• "Are you the kind of person who likes to know a lot of information, particularly about the impact of your illness on your quality of life or how long you have to live or how your disease will progress?"


    • "Some people like to know a lot of information about their illness, what their quality of life will be like in the future, and how long they have to live. Other people prefer not to be told a lot of information, and ask us to speak to their family members about these things. I'm OK with either approach, but I would like to know which one you prefer."

      If they want information, check who they may want present for this conversation and proceed to additional questions found in "Approach to Disclosing Prognosis". If no, go to next question.


Initiating the Conversation

In developing this guide, we assume you are dealing with a competent patient. If the patient is incapable, the same approach can be used with the substitute decision maker instead of the patient

For patients in Category #1, conduct a cursory scan of issues that might affect goals of care. For example, after assessing severity of current illness and pre-illness function and quality of life, you may say something like "There is no medical reason why we would not offer you the full extent and types of treatment at our disposal. However, given your own values, should we be aware of limits that you would provide on the types or extent of care that you would like to receive?"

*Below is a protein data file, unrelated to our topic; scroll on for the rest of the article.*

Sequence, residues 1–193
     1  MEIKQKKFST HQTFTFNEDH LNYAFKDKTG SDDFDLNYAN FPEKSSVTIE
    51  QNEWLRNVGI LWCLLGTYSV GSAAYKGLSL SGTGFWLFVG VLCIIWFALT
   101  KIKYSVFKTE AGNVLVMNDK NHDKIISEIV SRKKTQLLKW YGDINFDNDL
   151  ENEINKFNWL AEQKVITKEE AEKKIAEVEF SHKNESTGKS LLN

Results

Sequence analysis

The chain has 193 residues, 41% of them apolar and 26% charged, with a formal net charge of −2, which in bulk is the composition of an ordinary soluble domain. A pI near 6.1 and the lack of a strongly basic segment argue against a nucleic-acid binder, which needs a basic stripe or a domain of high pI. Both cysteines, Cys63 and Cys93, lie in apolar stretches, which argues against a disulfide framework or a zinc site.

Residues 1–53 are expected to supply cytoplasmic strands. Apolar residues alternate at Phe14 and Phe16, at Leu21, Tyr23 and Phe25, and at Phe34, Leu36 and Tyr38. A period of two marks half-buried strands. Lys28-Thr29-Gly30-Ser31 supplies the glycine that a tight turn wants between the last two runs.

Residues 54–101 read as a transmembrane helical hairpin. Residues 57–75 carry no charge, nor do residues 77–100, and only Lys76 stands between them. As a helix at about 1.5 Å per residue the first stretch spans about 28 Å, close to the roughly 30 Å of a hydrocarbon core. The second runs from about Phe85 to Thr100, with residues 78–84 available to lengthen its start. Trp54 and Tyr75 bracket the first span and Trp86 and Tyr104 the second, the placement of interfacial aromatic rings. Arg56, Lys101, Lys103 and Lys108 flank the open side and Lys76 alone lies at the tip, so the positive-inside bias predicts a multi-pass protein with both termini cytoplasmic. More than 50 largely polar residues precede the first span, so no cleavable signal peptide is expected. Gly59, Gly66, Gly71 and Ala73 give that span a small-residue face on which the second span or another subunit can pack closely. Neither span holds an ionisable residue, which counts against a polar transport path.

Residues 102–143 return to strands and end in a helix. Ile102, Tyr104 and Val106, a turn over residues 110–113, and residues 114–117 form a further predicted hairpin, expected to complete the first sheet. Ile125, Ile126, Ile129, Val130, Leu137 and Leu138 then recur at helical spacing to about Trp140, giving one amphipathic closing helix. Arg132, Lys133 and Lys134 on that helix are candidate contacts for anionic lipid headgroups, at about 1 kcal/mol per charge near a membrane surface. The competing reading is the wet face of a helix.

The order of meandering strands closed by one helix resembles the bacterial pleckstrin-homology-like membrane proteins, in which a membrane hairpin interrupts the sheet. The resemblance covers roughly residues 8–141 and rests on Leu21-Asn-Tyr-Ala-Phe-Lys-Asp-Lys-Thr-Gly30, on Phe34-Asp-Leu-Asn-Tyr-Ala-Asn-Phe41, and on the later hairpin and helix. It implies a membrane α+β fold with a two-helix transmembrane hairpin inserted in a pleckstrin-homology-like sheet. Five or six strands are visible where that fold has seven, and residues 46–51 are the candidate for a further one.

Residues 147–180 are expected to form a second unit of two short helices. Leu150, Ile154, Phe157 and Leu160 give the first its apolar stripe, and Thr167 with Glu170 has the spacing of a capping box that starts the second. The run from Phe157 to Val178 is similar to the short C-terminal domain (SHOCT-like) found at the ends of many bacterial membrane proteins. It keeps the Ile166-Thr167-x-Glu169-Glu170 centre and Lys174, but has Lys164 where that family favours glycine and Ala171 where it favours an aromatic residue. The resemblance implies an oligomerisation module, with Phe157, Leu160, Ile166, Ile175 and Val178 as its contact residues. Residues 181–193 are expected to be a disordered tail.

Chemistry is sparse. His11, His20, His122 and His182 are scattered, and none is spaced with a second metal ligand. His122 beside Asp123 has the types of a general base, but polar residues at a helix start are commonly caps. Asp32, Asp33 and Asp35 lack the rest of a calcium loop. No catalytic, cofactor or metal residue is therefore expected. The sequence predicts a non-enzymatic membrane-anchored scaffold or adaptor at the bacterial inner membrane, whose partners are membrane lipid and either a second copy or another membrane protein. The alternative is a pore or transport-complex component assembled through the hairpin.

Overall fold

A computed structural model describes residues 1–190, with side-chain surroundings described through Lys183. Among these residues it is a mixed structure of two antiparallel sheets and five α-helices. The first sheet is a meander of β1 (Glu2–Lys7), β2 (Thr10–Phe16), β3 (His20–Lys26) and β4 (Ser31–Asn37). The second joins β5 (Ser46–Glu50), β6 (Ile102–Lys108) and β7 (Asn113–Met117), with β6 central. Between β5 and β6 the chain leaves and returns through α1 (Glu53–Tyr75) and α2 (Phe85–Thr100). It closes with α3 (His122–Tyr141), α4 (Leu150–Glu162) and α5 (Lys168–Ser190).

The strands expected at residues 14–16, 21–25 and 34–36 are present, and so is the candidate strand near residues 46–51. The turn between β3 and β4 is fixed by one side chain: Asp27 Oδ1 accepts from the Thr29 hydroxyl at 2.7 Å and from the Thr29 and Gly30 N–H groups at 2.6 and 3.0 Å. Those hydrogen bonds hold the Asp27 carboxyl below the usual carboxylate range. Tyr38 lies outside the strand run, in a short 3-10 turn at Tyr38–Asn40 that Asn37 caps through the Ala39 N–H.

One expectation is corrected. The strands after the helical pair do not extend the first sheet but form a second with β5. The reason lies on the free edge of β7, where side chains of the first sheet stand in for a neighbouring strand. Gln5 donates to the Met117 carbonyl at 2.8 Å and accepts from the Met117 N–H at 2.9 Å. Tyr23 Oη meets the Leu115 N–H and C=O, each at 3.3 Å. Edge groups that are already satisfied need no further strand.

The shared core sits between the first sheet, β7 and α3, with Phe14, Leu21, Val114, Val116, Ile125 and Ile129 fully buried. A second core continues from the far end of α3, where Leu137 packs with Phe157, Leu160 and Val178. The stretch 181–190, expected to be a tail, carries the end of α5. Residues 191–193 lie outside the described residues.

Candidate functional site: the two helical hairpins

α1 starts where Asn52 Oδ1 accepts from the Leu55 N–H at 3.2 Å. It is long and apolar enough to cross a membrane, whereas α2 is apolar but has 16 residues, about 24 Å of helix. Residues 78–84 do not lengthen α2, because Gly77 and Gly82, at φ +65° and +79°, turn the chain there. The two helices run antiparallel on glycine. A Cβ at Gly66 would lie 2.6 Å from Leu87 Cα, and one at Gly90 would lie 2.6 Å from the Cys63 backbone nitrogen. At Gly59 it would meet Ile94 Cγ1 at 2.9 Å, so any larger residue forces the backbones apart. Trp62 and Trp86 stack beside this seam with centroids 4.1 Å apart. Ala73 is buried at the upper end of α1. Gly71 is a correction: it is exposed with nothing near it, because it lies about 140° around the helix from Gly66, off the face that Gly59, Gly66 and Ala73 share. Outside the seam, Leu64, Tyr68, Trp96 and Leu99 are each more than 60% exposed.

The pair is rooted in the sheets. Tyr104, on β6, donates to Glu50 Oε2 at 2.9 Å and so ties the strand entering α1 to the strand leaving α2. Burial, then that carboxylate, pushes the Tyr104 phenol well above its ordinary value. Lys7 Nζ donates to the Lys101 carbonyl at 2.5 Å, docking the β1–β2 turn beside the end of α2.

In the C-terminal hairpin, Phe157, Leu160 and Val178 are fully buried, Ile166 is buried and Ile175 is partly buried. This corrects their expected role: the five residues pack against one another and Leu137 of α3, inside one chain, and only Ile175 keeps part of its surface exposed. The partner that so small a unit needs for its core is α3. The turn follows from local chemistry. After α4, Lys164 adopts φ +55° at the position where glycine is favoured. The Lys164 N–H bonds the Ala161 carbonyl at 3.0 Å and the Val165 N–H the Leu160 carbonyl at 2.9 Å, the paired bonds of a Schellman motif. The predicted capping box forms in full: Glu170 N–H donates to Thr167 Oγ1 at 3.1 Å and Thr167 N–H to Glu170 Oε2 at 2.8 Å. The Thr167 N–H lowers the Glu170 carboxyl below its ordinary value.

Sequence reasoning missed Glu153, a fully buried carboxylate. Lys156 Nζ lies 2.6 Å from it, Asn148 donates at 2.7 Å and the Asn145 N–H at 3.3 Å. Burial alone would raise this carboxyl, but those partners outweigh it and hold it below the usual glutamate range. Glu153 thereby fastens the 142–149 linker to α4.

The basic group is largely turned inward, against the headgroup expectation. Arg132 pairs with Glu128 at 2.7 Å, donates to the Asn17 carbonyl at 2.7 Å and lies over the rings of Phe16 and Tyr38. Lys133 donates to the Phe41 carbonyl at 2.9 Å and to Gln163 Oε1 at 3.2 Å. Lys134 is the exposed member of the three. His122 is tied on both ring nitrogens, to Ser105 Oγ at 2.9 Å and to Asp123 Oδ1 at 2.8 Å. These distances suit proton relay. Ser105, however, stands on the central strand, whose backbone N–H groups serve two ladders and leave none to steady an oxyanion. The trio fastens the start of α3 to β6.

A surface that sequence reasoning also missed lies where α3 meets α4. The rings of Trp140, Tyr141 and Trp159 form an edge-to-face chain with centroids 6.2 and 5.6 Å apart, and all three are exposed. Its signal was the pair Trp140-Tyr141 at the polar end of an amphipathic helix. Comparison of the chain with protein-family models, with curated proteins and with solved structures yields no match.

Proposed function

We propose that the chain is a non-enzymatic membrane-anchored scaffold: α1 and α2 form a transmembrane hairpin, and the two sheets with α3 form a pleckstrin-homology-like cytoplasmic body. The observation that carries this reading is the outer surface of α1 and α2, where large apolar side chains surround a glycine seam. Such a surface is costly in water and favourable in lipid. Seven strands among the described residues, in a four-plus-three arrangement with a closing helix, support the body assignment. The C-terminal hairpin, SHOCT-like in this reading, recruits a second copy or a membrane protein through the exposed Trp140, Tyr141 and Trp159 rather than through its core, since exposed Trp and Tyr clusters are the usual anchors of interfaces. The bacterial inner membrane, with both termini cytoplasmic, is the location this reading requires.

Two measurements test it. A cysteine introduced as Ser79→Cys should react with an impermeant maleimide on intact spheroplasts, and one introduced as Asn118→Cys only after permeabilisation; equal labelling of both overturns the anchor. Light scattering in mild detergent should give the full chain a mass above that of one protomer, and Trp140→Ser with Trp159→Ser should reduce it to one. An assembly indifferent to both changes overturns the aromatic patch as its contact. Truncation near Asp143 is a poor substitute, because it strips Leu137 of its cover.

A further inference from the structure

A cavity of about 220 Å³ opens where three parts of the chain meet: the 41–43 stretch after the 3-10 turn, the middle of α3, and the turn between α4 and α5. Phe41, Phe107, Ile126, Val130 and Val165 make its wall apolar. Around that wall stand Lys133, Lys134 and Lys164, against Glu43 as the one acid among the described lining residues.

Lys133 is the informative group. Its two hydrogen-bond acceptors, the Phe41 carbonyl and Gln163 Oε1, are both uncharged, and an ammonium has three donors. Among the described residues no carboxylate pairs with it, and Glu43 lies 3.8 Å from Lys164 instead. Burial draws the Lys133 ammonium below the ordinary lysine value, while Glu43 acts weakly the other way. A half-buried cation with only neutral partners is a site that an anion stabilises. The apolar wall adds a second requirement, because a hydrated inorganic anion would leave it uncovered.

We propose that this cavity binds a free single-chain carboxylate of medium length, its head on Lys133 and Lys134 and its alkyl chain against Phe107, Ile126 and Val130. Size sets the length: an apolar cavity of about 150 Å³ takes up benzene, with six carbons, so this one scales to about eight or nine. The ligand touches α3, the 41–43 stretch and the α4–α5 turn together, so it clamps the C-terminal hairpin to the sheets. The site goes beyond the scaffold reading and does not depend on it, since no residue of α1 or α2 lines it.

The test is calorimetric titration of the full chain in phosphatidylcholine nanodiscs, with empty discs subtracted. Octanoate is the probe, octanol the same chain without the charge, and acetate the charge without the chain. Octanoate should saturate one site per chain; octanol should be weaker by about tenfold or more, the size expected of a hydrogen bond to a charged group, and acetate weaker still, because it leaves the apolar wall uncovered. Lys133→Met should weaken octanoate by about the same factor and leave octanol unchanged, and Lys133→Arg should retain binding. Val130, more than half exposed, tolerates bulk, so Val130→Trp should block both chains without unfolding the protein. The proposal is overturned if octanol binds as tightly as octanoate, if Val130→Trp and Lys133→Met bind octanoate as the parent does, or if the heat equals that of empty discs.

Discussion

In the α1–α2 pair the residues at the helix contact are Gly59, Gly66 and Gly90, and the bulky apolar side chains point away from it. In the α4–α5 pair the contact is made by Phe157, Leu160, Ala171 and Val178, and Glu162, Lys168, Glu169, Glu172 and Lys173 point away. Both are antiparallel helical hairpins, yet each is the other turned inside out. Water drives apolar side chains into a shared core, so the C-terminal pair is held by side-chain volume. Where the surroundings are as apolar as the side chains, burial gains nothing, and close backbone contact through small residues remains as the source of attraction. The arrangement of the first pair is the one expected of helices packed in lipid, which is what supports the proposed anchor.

For patients in Category #3, the focus is on assessing illness understanding, communicating prognosis, and assessing patient/family supportive needs. A good opening line is "What have the previous doctors told you about what has been going on?"

Depending on the response to the above question, parts of the following pathway will be needed to move to plans for end-of-life care.


Elicit Values and Preferences

  • Probe about values and preferences. If they have done ACP well, they may be clear on their values and able to articulate preferences. If not, they may need some assistance and time with this task. Check if the patient needs more information about the various medical options at the end of life (e.g. What it means to be resuscitated or go to the ICU):
    • "There are lots of different ways we can treat patients. Knowing more about you will help us make sure you are getting the treatments that are RIGHT for you. What is important to you when considering health care decisions?" and/or

    • "What are your hopes or personal goals as your illness progresses?"


    • "We want to make treatment decisions that honor what's important to you. What sort of quality of life would you find acceptable, and what would you find unacceptable?"


    • "What is important to you as you think about the future?"


  • Use hesitant, hypothetical language to broach this issue sensitively if the patient doesn't seem to want to address it directly.

    Say: "Suppose (say slowly).... your condition were to worsen, what concerns would you have OR what medical treatments would you want or not want?"

  • Following the clarification of their values and preferences, using a shared-decision making approach, determine the overall goals of care: